Emphasis must be placed on the fragility of the communal family system, which played myriad of roles in buffering disadvantaged persons in their social unit against hardship. A post-war family policy and strategic plan is required in the wake of these challenges to rectify and redress the ill-effects of the civil war.
It will be quite important in the new administration to revisit how schools are funded and to examine whether or not equity is promoted intentionally. Unless the education system holistically prepares our students or learners for appropriate transition to work or higher education, it is failing to achieve a vital mission. By doing so, education policy contributes to structural exclusion of citizens from the mainstream economy, which in turn entrenches intergenerational poverty.
Sadly, those affected the most by lack of alignment between economic and education policies are those who live in poor urban communities and remote and rural areas constituting the underclass. No longer, can the society allow its citizens, especially the underclass to be trapped in intergenerational poverty and expect its unemployment and crime rates to improve, or for its poverty reduction strategy to make meaningful impact. These factors are mutually reinforcing.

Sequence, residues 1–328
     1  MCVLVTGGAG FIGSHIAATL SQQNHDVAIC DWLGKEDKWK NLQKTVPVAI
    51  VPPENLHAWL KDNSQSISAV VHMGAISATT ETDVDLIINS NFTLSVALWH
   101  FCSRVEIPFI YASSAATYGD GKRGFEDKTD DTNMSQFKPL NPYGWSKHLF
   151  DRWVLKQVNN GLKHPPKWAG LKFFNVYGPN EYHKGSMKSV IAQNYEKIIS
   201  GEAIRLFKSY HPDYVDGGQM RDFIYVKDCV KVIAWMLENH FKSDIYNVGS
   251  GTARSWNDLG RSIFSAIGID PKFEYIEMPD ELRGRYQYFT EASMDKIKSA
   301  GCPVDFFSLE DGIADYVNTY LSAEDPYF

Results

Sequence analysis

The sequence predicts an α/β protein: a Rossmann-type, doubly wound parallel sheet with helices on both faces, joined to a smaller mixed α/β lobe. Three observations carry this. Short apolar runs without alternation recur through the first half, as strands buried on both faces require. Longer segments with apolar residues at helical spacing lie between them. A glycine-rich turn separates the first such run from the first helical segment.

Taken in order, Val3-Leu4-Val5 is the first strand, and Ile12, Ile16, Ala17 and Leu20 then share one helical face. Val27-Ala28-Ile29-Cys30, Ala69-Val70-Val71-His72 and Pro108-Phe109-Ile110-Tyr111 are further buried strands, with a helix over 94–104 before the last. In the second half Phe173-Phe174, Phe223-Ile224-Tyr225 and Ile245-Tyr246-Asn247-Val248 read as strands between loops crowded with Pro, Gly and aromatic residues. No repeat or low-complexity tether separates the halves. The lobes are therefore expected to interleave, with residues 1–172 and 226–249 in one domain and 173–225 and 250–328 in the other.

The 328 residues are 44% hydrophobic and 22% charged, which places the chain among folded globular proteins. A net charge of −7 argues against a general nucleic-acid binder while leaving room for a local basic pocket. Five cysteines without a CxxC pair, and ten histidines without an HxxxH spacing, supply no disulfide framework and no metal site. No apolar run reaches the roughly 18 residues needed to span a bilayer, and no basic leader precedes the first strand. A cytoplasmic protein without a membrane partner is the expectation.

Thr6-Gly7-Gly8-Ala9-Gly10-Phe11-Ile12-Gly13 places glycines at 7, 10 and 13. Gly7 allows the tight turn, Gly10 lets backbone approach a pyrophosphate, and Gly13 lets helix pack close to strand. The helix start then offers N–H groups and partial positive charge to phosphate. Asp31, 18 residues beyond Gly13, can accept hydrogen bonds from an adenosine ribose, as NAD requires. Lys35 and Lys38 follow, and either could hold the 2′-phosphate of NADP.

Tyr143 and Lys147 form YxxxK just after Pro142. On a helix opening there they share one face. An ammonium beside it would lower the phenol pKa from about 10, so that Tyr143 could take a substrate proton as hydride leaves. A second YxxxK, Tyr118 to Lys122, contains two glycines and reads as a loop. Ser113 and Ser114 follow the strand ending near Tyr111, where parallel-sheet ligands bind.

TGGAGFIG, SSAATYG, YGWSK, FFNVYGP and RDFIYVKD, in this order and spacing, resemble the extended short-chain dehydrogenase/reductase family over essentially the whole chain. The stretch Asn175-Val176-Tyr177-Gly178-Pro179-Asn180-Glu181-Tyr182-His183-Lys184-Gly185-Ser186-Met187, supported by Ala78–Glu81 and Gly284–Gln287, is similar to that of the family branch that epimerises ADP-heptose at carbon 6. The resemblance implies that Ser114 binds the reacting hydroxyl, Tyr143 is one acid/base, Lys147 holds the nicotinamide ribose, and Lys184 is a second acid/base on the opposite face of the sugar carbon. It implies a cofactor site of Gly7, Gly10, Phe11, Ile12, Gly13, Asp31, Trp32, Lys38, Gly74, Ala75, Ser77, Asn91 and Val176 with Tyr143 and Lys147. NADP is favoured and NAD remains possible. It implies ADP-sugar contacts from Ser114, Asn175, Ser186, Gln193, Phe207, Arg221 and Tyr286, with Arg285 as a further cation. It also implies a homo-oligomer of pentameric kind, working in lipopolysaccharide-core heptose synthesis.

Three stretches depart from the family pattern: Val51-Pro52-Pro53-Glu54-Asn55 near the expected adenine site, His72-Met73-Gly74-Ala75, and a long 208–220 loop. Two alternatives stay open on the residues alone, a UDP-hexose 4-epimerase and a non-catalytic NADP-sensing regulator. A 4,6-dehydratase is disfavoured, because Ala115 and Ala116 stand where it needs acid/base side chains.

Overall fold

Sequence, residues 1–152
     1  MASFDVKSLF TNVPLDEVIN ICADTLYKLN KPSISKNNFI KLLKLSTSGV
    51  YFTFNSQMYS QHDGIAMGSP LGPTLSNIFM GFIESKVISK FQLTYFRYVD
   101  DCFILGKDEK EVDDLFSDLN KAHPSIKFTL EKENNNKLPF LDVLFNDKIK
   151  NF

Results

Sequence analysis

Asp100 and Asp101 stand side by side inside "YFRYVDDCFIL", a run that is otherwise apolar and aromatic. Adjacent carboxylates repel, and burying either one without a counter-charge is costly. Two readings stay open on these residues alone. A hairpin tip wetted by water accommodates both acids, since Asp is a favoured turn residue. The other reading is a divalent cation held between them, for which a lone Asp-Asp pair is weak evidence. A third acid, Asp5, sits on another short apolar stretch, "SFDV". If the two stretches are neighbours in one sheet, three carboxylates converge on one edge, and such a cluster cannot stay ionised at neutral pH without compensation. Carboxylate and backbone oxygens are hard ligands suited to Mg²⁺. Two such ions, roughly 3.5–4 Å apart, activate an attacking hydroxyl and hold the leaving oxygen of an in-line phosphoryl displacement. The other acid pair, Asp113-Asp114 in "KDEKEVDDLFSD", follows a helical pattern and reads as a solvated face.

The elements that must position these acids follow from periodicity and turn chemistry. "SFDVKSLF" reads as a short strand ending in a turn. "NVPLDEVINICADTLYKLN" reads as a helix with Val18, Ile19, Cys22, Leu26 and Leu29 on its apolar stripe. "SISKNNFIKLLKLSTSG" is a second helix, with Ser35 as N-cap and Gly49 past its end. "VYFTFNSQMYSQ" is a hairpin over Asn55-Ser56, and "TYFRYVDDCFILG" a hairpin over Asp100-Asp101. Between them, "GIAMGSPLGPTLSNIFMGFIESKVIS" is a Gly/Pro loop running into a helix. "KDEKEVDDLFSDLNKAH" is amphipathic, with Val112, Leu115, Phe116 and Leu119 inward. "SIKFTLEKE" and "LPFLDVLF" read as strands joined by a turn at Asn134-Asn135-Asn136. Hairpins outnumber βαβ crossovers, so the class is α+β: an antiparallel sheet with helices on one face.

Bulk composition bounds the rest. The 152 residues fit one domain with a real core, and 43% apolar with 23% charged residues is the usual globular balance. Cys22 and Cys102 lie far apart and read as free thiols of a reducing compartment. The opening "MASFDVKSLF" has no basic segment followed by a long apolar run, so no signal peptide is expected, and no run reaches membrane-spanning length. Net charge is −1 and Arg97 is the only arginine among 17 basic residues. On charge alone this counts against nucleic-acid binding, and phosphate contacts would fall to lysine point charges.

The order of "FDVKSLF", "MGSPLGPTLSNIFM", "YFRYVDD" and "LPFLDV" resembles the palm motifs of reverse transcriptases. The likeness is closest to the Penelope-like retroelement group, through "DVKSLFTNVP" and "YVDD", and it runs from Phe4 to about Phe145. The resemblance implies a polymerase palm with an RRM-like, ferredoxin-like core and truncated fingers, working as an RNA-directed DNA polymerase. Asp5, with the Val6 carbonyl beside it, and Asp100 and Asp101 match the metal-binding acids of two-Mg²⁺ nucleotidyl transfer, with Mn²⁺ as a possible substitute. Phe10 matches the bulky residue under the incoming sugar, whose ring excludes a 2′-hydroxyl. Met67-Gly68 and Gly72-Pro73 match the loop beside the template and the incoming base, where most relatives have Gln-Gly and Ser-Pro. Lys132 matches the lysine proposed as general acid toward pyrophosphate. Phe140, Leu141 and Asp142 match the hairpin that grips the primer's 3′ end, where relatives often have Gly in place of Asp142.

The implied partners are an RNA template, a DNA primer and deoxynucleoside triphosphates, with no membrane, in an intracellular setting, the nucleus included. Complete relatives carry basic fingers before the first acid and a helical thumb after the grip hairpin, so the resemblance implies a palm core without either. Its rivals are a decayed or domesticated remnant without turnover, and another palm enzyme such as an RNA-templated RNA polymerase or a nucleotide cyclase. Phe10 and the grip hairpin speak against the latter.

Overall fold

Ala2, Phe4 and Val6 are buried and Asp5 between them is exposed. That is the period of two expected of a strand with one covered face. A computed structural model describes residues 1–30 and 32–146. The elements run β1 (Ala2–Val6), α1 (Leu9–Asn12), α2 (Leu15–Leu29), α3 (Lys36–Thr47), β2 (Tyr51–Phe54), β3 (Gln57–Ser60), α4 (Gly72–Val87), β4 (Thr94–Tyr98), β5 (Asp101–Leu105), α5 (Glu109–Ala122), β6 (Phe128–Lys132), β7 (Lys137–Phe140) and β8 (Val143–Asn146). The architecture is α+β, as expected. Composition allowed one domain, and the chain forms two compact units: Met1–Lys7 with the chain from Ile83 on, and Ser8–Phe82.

The growth of the informal sector is quite startling. Indicators, although unscientific, include the seeming accelerated increase in the number of young children selling goods in the streets and apparent growth in the numbers of drug dependent/addicted youth living in the streets, trapped in impoverishment.
They live in communities where most residents cannot be absorbed by the workforce or are unemployable – a phenomenon that is structural because of the mismatch, between skills that these Liberians have, if any, and the employment opportunities that the market offers.
The youth underclass is therefore the result of the growing skill requirements of the formal economy, which is setting them apart from the rest of the youth cohort, especially when job creation is not purposefully focused on the needs of the underclass. Unless the new government develops policies to reintegrate the youth underclass into mainstream society, it risks creating a ready-made pool that would be tapped easily for illicit purposes: crime and war making, included.
In Liberian society, we have often wondered about the causes of the deviant behaviors of the zogos and other disadvantaged young people. We have not gauged the structural issues responsible for their plight.
Terms such as “zogos and zogese” are therefore loaded with class-based discriminatory connotations and stigma, forgetting how socioeconomic neglect has been a key culprit in causing their underlying conditions. Unless our education, economic, justice, health, youth development, labor, and social policies converge in ways where awareness of the structural forces that generate the underclass are heightened and targeted for durable mitigation, intergenerational poverty will thrive.